Abstract: The current study examined whether a mother of a 7 year-old autistic girl could be taught to train her daughter to use an alternative and augmentative communication (AAC) device to communicate. In Study 1, a multiple treatment design (A-B1-B2-B3 design) was used to increase the child's communication spontaneity using pictures. The mother provided verbal prompts and extinction with different amount of communication opportunities across the intervention phases. In Study 2, a multiple treatment design (A-B-BC-D1-D2-A') was used to teach the child to use a communication app on an iPad to communicate. Verbal prompts, response blocking and least-to-most prompting were applied in different phases. Results showed the child succesfully taught by her mother to use an AAC device to communicate basic needs. The child's communication behaviors were also generalized to a different communication partner, and maintained for a month.
88. Evaluation of a Variable-Momentary Differential Reinforcement of Other Behavior in the Treatment of Attention-Maintained Aggression: A Replication
Domain: Applied Research
MADELYNN LILLIE (University of Wisconsin-Milwaukee), Jeffrey H. Tiger (University of Wisconsin-Milwaukee)
Discussant: Sarah Miller (Marcus Autism Center / Emory University School of Medicine)
Abstract: Variable Momentary Differential Reinforcement of Other Behavior (VMDRO) schedules involve delivering reinforcement for the non-occurrence of problem behavior at variable "check-in" intervals (i.e., if problem behavior is absent at the moment of check-in). The current data set describes a replication of this procedure with a single participant receiving treatment for high-rate attention-maintained aggressive behavior. The VMDRO procedure began with an initially dense schedule of reinforcement delivery and was gradually leaned up to 10-min intervals while maintaining nearly zero levels of aggression. These data add to the limited literature supporting the efficacy of these procedures.
89. Analysis of Home and Work-Based Behavioral Interventions to Support an Adult With Mental Illness
Domain: Applied Research
BETHANY DEITZ (Shenandoah University), Brandon Greene (Shenandoah University)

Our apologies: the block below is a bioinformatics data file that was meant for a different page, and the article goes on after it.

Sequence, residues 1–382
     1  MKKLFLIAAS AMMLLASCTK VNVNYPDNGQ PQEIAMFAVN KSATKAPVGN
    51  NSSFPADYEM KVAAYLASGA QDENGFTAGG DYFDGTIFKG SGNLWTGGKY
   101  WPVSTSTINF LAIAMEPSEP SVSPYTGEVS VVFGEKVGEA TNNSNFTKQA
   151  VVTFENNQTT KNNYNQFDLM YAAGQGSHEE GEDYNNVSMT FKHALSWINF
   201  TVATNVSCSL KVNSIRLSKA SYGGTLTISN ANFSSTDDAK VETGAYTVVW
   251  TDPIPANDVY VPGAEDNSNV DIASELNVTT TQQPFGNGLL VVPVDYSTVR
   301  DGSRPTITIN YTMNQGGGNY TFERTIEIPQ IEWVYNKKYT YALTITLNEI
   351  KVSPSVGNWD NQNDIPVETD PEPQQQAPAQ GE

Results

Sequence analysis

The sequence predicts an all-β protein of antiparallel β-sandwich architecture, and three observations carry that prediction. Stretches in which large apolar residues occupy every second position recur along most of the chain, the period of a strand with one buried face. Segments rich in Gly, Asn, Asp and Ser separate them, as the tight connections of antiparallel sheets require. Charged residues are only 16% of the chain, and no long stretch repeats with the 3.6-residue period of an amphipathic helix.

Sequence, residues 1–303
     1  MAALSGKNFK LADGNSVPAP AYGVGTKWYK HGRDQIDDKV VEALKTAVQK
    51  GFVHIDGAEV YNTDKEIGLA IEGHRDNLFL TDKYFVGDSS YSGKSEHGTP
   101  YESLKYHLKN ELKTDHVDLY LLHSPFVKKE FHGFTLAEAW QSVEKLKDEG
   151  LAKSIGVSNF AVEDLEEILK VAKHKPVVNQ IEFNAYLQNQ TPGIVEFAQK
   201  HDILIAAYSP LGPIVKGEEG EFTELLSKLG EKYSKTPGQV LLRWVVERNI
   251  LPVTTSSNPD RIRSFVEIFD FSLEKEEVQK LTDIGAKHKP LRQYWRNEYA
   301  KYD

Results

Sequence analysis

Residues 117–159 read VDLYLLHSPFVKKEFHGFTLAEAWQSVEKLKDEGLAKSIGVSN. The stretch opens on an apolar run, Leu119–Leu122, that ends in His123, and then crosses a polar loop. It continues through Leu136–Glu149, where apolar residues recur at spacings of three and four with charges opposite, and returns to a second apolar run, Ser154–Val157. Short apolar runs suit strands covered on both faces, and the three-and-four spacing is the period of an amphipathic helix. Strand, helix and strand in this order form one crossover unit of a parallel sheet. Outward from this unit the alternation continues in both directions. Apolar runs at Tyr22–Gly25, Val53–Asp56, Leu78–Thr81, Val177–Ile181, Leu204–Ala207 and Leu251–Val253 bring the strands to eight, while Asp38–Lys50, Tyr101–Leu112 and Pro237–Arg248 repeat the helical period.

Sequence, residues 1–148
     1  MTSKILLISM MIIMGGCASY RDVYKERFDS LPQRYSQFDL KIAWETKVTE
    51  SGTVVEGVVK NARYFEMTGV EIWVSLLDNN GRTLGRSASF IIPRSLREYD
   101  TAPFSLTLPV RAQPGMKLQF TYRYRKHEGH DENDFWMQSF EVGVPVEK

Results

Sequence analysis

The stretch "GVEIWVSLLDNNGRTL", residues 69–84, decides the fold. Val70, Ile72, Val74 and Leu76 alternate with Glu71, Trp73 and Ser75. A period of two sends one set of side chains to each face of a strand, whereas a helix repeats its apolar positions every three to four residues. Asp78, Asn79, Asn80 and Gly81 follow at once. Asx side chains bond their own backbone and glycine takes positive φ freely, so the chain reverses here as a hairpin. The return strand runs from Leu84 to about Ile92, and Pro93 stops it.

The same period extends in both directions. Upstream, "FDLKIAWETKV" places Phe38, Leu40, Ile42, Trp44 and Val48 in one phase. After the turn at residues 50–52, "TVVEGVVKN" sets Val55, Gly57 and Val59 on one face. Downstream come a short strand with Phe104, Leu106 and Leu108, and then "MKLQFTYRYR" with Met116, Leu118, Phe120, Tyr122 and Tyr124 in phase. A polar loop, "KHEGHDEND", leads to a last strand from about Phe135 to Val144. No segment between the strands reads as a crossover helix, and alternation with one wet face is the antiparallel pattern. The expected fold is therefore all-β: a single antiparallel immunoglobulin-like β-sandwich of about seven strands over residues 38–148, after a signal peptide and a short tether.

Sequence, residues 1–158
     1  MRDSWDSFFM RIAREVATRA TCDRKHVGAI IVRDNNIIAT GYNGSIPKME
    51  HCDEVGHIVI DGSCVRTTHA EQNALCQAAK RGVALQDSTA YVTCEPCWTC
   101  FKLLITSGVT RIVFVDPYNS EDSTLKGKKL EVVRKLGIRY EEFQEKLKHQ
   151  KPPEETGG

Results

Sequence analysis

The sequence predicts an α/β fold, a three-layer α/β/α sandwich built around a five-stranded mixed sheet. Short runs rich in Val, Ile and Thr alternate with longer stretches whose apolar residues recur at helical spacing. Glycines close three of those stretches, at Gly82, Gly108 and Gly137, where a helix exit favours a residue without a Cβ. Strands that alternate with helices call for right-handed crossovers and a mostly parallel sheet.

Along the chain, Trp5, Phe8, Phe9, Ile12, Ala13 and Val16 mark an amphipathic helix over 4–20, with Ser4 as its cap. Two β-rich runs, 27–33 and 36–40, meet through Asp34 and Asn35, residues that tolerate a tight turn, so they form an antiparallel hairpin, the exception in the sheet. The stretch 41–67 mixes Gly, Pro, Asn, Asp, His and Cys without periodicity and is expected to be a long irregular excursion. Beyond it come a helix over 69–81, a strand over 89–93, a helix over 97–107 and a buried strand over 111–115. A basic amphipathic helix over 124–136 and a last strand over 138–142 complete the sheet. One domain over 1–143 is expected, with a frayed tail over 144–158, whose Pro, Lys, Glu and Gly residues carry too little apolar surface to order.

Discussant: Sarah Miller (Marcus Autism Center / Emory University School of Medicine)
Abstract: Two analyses were conducted with a 34-year-old male who presented multiple mental health diagnoses and a history of repeated psychiatric hospitalizations following disruptions in his vocational placements and capacity for independent living. The first analysis was conducted in his home and focused on garbage disposal associated with the accumulation of food and food products. A system to measure the accumulation of such material was adapted from studies of homes involving child neglect. A token-based reward system was used in a changing criterion design to encourage his disposal of such material. Tokens were exchangeable for items the participant requested. The results indicated a change in this aspect of household management and these results were maintained in a follow-up phase. The second analysis was conducted at the participant’s workplace and involved his interactions with co-workers whom he had alienated by making threatening and rude comments. This analysis employed a multiple baseline across behaviors(greetings, smiles, waving) and included a limited component analysis of the effects of in-situ coaching, social praise for socially appropriate greetings, and physical prompts (a wristband) to "remind" him to greet peers in a friendly manner. Coaching and prompts were gradually faded and normative data on his peers' engagement in these "friendly behaviors" were gathered. The results indicated significant levels of improvement in his social behavior which, according to his employer, enabled the participant to retain his job.
90. Using Differential Reinforcement and Prompting to Increase Showering Skills of a Girl With Multiple Diagnoses
Domain: Service Delivery
HAYLEY SEDGWICK (St. Lawrence College), Gary A. Bernfeld (St. Lawrence College, Behavioral Psychology)
Discussant: Sarah Miller (Marcus Autism Center / Emory University School of Medicine)
Abstract: Deficits in adaptive behaviour are commonly shown by children with developmental disabilities (Ase et al. 2012). Stokes et al. (2004) stated that hygiene skills affect ones quality of life and social relationships. Differential reinforcement is an effective method of promoting appropriate behavior (Petscher & Bailey, 2008). In addition, prompting is a commonly used and effective in teaching new skills to children with developmental disabilities (Grow et al., 2009). Using indirect assessment and direct observation the factors relevant to the accelerate target behaviour of shower hygiene routine were identified, for a 14-year-old girl in a residential treatment program, diagnosed with a developmental disability and ADHD. A changing-criterion design was used, and a task analysis of the target identified its key components DRA and prompting was implemented to increase the showering target behaviour. The participant gained immediate points in the residential programs existing token economy and received backup social reinforcement. The data showed that the target behaviour increased 170.60% from baseline. A visual analysis, using PND, of the intervention designed to increase all components of the shower hygiene routine, showed that it was effective. The data showed an increasing trend, as the behaviour improved throughout the intervention, and it demonstrated social validity.


Modifed by Eddie Soh